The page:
4 Tools You Absolutely Have to Be In the Habit of Using

While there are certainly things professional SEO's do and understand that provide value on par with what they are paid, there are some really obvious habits anybody can get into to discover what's going on with their site (and the search-sphere around it). The clients I've had that embrace these habits seem more 'in tune' with not only their industry, but how their projects stack up in it as well. The result is that they are more proactive in their involvement, which ultimately helps everyone accomplish their goals quicker. The best part? These things are free!

-Use Google News Alerts to monitor keywords and your brand.
News Alerts have to be one of the greatest things in the history of…things. I couldn't imagine doing my job without them. You can use Google to scour the internet for you and report back when your products, brands, names, or just big words are mentioned anywhere on the internet.

Set the frequency to whatever works best for you (fair warning, it WILL bombard your inbox if you set it to notify you whenever things come up). This is a great reputation management tool as well. Another really cool use I recently learned is to use the Google link operator to monitor new links coming into your site. Set that particular alert in real time if you're proactively building links and you'll see the links as soon as Google recognizes them. How 'bout that?!

-Give your site a once-through with a spider simulator when a new page launches or a site is redesigned.
Spider simulators are pretty common, and which one you use is a matter of personal preference really. They all essentially tell you the same thing. You will want to use these to make sure the content you can see on your site is in fact, being seen by the spider when it crawls. If it isn't, then you may need to look for other ways to get that content visible.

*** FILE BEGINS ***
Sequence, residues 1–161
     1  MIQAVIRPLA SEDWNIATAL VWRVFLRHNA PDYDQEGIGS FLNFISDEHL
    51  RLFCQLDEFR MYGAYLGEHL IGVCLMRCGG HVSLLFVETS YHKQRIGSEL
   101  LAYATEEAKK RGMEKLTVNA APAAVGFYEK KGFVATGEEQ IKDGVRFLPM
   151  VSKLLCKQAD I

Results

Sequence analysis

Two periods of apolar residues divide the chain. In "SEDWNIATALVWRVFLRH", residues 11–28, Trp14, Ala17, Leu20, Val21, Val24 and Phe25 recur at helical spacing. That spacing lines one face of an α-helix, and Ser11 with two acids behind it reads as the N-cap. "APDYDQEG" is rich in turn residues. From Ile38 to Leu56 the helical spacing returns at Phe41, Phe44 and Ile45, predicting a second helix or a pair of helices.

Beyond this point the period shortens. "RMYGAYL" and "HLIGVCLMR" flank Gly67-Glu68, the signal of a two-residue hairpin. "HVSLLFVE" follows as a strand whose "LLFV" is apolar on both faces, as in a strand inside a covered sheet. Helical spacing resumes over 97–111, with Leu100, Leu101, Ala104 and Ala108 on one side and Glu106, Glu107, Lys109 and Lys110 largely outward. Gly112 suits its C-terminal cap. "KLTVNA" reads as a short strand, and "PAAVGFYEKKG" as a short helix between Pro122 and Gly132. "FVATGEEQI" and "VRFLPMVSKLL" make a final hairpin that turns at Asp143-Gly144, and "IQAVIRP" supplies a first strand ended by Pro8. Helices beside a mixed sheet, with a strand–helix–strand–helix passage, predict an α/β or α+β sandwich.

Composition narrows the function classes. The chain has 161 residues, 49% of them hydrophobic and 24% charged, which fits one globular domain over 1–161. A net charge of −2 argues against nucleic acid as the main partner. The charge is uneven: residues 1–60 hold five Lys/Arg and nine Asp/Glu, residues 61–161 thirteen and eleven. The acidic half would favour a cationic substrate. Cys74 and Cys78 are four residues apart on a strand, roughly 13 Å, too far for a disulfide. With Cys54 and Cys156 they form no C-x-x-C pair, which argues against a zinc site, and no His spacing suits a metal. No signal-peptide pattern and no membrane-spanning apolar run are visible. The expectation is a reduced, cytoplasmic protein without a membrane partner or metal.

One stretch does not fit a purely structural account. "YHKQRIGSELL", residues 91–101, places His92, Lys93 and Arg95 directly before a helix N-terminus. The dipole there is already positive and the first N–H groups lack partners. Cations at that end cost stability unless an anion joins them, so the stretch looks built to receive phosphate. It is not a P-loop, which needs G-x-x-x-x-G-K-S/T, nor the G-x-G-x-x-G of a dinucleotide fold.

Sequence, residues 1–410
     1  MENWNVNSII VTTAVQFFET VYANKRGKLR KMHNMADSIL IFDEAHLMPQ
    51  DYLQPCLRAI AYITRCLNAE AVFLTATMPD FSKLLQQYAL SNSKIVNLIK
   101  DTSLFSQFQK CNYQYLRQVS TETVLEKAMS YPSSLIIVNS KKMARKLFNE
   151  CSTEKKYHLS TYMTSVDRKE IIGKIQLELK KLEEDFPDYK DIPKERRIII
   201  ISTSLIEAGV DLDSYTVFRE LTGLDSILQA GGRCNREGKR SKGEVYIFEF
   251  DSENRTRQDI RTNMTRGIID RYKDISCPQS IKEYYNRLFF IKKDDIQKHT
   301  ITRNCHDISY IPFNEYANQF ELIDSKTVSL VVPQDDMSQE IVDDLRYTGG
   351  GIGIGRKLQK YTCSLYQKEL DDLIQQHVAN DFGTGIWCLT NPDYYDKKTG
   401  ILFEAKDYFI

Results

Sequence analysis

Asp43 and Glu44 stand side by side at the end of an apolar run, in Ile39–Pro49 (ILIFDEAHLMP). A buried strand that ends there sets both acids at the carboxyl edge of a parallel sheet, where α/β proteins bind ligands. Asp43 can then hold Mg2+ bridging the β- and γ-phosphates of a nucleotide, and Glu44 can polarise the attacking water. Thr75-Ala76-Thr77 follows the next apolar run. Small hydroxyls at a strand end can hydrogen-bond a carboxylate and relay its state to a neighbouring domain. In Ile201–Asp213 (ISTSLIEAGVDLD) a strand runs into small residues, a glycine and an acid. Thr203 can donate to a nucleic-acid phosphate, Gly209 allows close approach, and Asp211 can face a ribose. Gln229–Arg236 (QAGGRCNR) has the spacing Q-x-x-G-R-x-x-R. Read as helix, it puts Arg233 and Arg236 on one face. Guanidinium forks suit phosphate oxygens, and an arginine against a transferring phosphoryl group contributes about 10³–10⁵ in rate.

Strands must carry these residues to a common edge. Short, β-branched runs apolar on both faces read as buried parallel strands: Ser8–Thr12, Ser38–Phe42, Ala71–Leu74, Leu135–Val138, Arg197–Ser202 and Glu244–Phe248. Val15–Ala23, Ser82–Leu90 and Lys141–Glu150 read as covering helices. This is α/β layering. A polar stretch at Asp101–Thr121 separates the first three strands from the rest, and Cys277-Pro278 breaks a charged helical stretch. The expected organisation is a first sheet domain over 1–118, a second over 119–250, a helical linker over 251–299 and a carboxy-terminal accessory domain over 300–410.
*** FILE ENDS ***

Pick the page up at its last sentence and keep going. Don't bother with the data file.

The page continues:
We have some internal proprietary tools that give us a much deeper analysis of a site, but you can get some at-a-glance high-level information about web pages on your site quickly. I still use Summit Media's spider out of habit from time to time. It's characterizations of the site in question aren't always 100% accurate, and I wouldn't give that "grade" much consideration in the grand scheme of things. However, the points it looks for on a page (image descriptions, use of header tags, etc.) are all pertinent and helpful in seeing some major issues on a page.

-Use Google Trends to see what the search economy in your industry is like.
This is another really great invention from Google I can't imagine living without. Ever wonder how much your top referrers stack up to the entire Google search? You can use this to see what kind of buzz is around your brand, if search volume around a term has seasonality, how offline promotions affect search buzz, etc. I think it’s a good idea for any 'client' to run the big keywords they are targeting through here at least every quarter. Just knowing how 'popular' a subject is may help anticipate lifts or drops.

-Use del.icio.us as a reference for popularity.
If you haven't used del.icio.us or set up an account yet, you really should. It's a social bookmark site where you can look at what articles/web pages other people in the network are linking to. You can learn a lot about 'buzz' around your brand, people, topics, keywords, and generally what's hot around the net. It’s also a great way to learn about the characteristics of content that draws people in. It's a big enough user base to get a decent sample space (and to compare across users) to get a sense of what's catching on and what isn't, and how people perceive it.

This isn’t an exhaustive list, but it’s a good place to dig in if you haven’t already. There are other tools out there that essentially do what I described above as well (some of that amounts to what your personal preferences are). But in the end, people who use tools like these as a force of habit in their routines will have a lot better view of what's going on with their site and the search space it resides in.

Posted by: Dave McAnally, Product Specialist, Natural Search


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